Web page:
Is America Ready for ‘Natural Born Killaz’? : The story line of Dr. Dre and Ice Cube’s music video is certain to enrage media watchdogs on two levels: the graphic violence depicted in the duo’s murderous exploits, and the identities of their victims.


It’s midnight on Terminal Island and rap stars Dr. Dre and Ice Cube are dancing on a blood-drenched pile of bones and body parts.

Standing on dual electric chairs surrounded by dangling corpses, the brawny rappers bob their shaved heads and boast about a brutal murder spree as the cameras begin rolling on what promises to be the most talked about music video of the year: “Natural Born Killaz.”

The story line--in which the rappers portray ruthless serial killers--is certain to enrage media watchdogs on two levels: the graphic violence depicted in the duo’s murderous exploits, and the identities of their victims.

In the video, the rappers satirize the gruesome stabbings of Nicole Brown Simpson and Ronald Lyle Goldman, as well as the shotgun ambush of Jose and Kitty Menendez--all of whom die in dramatic re-enactments at the hands of Dre and Cube.


The song’s lyrics also spoof the recent suicide of Nirvana singer Kurt Cobain, the 1969 Manson family murders, and seem to make light of the vicious assault on trucker Reginald O. Denny during the 1992 Los Angeles riots.

Sample lines:

I’m down with Dre

like A.C. is for O.J.

. . . so kill Charlie Manson

I snatch him out his truck

hit him with a brick

and I’m dancin’ . . .

. . . I’m gonna eat ‘em up

like Jeffrey Dahmer

and now I’m suicidal

just like Nirvana .

“Natural Born Killaz” is the first single from Dre and Cube’s much anticipated reunion album, “Helter Skelter,” due out in January on Death Row/Priority label. (The song is currently available on the soundtrack to “Murder Was the Case,” a short film directed by Dre and starring his Long Beach protege Snoop Doggy Dogg.)

In an interview during a break from filming at an abandoned factory on the San Pedro waterfront, Dre defended the parody as a tongue-in-cheek commentary on the public’s obsession with unsolved high-profile murders.

“Shock value--that’s what it’s about,” said the 28-year-old Grammy-winning recording artist, whose real name is Andre Young.

“Everybody knows that the most exciting thing going down in the news right now is O.J.'s case. So we decided to play on that and the Menendez trial too--and just have a little fun with it all. People can think whatever they want about me, but the fact is I’m just an artist doing my best to entertain.”

Ice Cube, an acclaimed rapper and actor who co-starred in “Boyz N the Hood,” also downplayed potential negative fallout from the song.

“It’s true that it’s a b-boy gangsta record on the macabre tip,” said Cube, 25, whose real name is O’shea Jackson. “But what would be the point of Ice Cube and Dr. Dre doing a project like this if we didn’t freak people out? The point of the song is to poke fun at serial killers, like Oliver Stone’s movie did. It’s supposed to be humorous.”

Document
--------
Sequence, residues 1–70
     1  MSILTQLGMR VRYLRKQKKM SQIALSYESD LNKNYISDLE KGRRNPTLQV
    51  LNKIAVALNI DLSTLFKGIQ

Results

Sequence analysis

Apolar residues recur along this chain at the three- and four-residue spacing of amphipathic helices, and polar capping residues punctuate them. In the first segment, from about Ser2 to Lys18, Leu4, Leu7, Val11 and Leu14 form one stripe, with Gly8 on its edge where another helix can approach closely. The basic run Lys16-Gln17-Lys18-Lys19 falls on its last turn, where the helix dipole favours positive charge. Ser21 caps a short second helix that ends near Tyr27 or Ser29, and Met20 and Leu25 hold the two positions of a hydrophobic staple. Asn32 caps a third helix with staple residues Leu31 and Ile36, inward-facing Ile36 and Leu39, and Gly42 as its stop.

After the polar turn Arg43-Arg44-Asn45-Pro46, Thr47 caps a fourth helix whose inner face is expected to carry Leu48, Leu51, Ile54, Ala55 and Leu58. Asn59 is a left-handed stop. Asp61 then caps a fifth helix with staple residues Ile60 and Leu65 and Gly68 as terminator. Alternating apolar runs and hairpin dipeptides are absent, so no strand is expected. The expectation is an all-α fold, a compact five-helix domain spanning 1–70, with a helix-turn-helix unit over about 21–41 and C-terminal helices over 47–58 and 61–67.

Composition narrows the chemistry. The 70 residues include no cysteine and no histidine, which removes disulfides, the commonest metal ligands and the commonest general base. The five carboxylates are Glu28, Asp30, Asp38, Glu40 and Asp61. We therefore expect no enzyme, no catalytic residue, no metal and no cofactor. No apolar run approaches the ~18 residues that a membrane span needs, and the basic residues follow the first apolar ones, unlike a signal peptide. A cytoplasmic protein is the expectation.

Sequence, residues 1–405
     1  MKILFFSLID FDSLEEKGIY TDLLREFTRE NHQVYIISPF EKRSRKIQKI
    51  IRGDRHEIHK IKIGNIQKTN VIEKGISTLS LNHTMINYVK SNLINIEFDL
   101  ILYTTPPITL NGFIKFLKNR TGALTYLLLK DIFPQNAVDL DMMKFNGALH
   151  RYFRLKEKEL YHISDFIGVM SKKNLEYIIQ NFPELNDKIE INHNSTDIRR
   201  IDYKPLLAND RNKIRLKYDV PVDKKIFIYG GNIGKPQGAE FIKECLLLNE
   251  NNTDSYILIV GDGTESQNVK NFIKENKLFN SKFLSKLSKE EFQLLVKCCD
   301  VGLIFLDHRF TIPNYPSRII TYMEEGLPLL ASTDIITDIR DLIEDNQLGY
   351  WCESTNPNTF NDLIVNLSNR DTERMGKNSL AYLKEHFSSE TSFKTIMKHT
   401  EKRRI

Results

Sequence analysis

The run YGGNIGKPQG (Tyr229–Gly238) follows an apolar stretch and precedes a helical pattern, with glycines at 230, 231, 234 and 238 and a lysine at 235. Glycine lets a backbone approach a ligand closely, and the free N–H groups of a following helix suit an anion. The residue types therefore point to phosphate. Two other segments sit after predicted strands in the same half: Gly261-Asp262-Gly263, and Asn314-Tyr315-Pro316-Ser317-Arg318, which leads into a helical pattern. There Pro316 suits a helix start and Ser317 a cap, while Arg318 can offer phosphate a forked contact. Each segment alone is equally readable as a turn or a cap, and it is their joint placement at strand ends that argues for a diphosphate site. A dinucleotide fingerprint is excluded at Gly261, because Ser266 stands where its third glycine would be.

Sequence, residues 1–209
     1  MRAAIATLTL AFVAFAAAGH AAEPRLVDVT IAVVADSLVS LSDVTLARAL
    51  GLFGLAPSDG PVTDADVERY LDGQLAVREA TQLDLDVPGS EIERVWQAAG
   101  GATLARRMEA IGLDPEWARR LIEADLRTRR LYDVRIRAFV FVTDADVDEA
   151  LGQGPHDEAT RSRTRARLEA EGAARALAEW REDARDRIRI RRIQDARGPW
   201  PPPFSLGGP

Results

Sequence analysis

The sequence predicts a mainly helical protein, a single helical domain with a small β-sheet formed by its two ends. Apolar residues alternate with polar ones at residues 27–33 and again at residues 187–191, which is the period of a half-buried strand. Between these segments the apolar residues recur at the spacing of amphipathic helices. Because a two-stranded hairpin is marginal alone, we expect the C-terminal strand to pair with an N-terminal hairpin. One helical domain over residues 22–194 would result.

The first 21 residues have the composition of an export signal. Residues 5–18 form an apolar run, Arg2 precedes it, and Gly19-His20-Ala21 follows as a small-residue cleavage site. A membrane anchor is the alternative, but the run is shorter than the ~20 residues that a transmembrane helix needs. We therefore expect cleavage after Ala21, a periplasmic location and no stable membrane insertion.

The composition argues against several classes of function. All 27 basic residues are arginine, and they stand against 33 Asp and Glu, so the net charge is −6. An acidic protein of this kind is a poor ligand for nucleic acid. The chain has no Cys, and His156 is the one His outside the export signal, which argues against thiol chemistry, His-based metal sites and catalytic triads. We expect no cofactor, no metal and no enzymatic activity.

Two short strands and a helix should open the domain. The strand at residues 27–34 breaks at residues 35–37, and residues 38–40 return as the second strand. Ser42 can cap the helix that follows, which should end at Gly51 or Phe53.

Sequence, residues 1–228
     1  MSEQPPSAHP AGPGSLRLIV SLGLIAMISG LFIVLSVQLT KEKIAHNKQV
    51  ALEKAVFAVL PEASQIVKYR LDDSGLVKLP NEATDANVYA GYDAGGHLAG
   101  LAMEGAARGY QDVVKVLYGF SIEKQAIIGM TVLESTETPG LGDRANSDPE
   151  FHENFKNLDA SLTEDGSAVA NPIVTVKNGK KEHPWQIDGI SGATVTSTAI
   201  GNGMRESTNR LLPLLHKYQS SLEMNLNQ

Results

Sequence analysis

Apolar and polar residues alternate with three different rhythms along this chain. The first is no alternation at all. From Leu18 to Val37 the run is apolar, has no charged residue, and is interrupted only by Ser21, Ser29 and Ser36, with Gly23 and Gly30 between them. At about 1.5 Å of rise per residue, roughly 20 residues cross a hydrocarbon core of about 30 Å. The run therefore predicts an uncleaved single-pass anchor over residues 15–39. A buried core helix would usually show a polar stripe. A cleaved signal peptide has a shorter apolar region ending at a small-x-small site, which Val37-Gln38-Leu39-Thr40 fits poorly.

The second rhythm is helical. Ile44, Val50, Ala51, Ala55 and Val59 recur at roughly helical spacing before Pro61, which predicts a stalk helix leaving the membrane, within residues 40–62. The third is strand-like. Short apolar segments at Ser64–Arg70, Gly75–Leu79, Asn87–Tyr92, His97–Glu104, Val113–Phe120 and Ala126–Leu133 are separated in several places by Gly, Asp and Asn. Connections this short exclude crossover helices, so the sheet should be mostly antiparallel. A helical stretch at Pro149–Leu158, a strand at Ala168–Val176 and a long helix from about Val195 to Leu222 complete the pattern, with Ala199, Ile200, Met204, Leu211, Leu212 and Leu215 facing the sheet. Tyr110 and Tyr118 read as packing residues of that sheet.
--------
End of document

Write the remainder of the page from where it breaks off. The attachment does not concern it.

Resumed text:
While the video is not expected to be released until Halloween, the parody concept is already under attack by the Doris Tate Crime Victims Bureau, a nonprofit group that has lobbied California lawmakers for pro-victims rights legislation.

“We live in a sick society and it’s horrendous for an artist as big as Dr. Dre to put out something this irresponsible,” said Kelly Rudiger, the Crime Victims Bureau executive director. “How would Dr. Dre like it if somebody made fun of his relatives getting murdered?”

Relatives of Nicole Brown Simpson and Ronald Goldman could not be reached for comment, but representatives for the families expressed outrage Wednesday about the video.

“Ridiculing the tragedy surrounding a murder victim is very hurtful to the families of anyone closely involved in such a case,” said Terri Towery, a court-appointed attorney representing Lyle Menendez in his upcoming murder trial. “Entertainers certainly have free speech rights, but sometimes it can cross the boundaries of good taste.”

This isn’t the first time Dre and Cube have raised eyebrows in the music industry.

Before embarking on solo careers, the duo made a name for itself as the creative force behind NWA, the brash Compton rap quintet once accused by an FBI official of writing music that encouraged violence against law enforcement officers.

Previous hit albums by the two rappers were also attacked by feminists and ethnic groups for promoting violence against women, Koreans and Jews. At the same time, however, Dre and Cube have been repeatedly singled out by pop critics as, respectively, hip-hop music’s most talented producer and lyricist.

Dre, who has been charged with battery three times in as many years and will soon begin serving a five-month jail sentence for drunk driving, shrugs off criticism of his angry music.

“I could care less whether the pop people think my music is too crazy,” said Dre, whose Death Row record label has sold more than 10 million records in the past two years. (Death Row is distributed by Time Warner-affiliated Interscope Records.) “I didn’t get where I am by catering to mainstream tastes. I started out by making my art for the underground and I still subscribe to that theory today.”

Heading back for the set, Cube also defended the violence employed in their latest collaboration.

“Of course we’re exploiting violence, but there’s nothing unusual about that in America,” Cube said. “This country’s national anthem is full of rockets’ red glare and bombs bursting in air. That’s just the way America is, so why shouldn’t Dre and Cube be able to exploit a little violence every now and then? If people don’t like it, let ‘em ban it. Who cares?”